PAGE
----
I recently met a lady at a function who caught my eye for her boho chic modern indigenous look, wearing a cotton dress, silver jewellery, black bindi, canvas jutis and carrying a canvas bag with multi coloured tassels. She struck me as quite charming and we got into a conversation about her style and fashion in general.
She told me she loves to live a sustainable lifestyle, buys only organic vegetables, does not buy leather and only wears cotton as that is the most eco friendly fabric. I asked her if her dress was organic cotton and she said no, it was regular cotton which is a natural fabric hence eco friendly.
I observed the fabric closely and could tell that it was mill made cotton cambric - most common quality made in most indian mills , which has a yarn count of 60’s and therefore commonly known as 60’s cambric.
I did not have the heart to break her disillusion and enlighten her but seeing how much she wanted to live sustainably I proceeded to tell her what I know and what I am happy to share here with you now…
Mill made cotton fabric is the most harmful fabric for the environment.
- Cotton Production. Most of the cotton produced today is grown from GMO (genetically modified) seeds that affect the crop yield and have negative impacts on the environment. The conventional methods of farming mono crop makes the soil less absorbent and requires gallons of water to irrigate. Pesticides and insecticides are used extensively that are harmful for the farmers with long lasting health impacts.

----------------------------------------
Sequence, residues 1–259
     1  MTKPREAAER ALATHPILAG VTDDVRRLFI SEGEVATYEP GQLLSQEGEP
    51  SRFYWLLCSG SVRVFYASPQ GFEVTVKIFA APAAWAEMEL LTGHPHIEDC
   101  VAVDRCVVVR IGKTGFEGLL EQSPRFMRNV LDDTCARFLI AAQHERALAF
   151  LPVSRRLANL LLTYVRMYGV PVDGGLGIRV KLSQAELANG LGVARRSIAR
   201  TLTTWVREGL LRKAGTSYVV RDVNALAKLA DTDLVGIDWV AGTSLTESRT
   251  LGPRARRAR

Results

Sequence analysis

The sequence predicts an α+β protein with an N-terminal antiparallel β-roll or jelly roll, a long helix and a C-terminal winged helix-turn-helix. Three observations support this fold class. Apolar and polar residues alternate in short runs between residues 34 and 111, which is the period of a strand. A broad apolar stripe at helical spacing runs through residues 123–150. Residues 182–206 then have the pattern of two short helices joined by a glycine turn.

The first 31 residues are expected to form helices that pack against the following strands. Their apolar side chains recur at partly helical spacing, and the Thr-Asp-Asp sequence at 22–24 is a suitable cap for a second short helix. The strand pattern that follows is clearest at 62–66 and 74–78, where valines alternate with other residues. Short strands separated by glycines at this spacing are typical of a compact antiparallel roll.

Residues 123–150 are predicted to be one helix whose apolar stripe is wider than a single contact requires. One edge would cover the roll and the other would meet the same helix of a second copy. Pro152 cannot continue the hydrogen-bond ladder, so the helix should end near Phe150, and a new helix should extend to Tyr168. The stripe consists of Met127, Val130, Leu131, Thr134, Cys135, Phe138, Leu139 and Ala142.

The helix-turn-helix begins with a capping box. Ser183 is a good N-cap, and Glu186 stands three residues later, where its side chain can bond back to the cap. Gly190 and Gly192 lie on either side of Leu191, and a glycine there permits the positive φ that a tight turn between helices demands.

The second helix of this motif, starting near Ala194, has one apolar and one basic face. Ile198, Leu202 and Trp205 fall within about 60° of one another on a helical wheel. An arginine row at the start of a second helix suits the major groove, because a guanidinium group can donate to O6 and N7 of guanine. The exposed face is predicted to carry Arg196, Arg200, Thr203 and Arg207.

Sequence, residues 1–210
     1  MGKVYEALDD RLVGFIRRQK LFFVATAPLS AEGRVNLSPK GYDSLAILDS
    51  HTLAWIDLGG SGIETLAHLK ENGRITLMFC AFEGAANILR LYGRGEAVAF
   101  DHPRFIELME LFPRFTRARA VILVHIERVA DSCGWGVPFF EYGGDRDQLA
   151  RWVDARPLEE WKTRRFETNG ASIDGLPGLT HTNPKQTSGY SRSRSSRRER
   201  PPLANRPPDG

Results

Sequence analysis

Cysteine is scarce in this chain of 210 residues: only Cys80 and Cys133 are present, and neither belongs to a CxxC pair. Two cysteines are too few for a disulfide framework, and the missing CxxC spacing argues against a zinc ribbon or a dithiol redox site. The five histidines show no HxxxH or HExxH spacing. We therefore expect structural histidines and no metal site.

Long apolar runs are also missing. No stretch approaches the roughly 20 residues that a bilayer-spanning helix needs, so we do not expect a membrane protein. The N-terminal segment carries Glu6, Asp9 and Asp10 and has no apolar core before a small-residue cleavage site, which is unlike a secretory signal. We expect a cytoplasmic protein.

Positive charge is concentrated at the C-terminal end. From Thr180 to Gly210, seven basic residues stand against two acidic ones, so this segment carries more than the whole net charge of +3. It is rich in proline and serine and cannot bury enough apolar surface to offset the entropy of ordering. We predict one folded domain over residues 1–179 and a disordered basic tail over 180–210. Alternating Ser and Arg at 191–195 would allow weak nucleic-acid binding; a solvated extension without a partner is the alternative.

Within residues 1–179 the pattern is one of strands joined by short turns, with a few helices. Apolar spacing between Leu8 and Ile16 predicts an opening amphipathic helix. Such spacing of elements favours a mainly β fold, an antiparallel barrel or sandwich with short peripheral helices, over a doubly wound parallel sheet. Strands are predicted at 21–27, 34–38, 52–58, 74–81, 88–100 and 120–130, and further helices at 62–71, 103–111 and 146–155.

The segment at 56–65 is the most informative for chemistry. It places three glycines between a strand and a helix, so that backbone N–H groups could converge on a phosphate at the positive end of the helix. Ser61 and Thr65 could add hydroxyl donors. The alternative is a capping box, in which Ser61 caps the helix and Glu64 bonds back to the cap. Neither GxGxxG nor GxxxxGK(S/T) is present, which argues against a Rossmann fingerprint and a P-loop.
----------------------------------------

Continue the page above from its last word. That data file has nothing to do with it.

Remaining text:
- Cotton mills. The processing mills where the yarn is spun or fabric is produced utilise huge amounts of energy resources and water resources and use chemicals for processing dyeing and printing and finishing the yardage. This leaves a massive carbon footprint.
While the cotton yarn is natural but the amount of chemicals it is fed during its entire life cycle renders it pretty toxic by the end of it.
So what is the solution?
- Organic cotton. Switch to organic cottons. Certified GOTS organic cottons are produced with non GMO seeds and require 80% less water. Most importantly, no chemicals are used so it is toxin free.
- Hand woven cottons. We are fortunate as Indians to have such amazing heritage of hand woven and hand spun textiles. I consider Khadi as our national treasure, and love using it in my collections. Malkha (malmal-khadi) is my staple fabric for most of my collections. I shall be dedicating an entire article on this beautiful quality soon. Hand woven and hand spun fabrics have a very low impact on the environment as they do not require high energy resources . Also, mostly vegetable dyes are used for dyeing and printing that doesn't include any chemicals. Khadi isn't certified organic. however, the manual processes in its entire lifecycle make it a low carbon impact fabric.
I hope this helps you make a more informed decision when choosing fabric for your next outfit!
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